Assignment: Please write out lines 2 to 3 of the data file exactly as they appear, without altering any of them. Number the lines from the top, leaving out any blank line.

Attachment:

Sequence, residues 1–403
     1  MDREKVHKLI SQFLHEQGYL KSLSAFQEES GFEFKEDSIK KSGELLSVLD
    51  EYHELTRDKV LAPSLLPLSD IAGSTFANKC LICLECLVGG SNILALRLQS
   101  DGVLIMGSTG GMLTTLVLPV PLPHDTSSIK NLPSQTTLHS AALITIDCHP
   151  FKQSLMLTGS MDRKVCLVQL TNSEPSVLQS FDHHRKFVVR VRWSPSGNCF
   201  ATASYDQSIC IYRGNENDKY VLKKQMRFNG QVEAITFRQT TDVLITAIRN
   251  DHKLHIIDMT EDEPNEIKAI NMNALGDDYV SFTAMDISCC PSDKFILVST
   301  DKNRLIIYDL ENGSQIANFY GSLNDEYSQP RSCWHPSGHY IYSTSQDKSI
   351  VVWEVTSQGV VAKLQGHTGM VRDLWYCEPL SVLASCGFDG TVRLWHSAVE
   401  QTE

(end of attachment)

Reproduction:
     1  MDREKVHKLI SQFLHEQGYL KSLSAFQEES GFEFKEDSIK KSGELLSVLD
    51  EYHELTRDKV LAPSLLPLSD IAGSTFANKC LICLECLVGG SNILALRLQS